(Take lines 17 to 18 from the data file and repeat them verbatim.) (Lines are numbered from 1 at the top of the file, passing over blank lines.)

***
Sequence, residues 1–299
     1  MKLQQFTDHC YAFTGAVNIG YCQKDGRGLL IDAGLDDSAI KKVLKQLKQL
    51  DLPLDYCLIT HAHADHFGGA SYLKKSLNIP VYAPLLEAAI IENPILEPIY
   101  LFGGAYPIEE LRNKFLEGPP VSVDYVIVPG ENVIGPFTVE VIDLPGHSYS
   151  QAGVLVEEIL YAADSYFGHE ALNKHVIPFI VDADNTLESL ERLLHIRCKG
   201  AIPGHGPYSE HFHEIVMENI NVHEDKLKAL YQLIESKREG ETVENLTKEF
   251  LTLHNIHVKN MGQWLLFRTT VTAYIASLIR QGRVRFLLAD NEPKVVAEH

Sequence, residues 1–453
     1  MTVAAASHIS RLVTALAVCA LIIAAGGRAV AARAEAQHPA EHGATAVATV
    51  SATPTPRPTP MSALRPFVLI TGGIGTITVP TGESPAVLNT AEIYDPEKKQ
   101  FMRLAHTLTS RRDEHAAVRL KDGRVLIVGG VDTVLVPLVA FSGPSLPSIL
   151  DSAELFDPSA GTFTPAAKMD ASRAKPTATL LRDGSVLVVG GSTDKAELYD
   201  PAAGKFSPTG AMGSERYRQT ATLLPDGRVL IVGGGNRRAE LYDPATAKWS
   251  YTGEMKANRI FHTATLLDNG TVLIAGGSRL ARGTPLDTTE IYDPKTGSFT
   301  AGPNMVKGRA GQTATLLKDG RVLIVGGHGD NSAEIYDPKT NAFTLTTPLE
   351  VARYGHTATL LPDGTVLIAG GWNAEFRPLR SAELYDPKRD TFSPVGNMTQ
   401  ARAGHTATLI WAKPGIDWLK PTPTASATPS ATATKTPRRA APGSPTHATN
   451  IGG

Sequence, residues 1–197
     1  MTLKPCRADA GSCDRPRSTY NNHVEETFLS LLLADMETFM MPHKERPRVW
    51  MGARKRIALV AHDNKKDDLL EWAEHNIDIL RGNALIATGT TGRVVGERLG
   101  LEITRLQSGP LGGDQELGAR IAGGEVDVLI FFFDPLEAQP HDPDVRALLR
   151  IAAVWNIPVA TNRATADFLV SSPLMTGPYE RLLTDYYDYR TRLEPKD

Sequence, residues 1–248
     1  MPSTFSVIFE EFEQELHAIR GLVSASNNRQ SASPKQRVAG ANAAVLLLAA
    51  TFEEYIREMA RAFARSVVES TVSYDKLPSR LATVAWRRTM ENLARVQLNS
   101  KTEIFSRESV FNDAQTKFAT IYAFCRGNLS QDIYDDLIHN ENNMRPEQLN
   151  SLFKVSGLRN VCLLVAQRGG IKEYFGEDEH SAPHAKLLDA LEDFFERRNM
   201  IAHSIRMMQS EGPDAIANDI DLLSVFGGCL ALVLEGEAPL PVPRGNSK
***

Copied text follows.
   401  ARAGHTATLI WAKPGIDWLK PTPTASATPS ATATKTPRRA APGSPTHATN
   451  IGG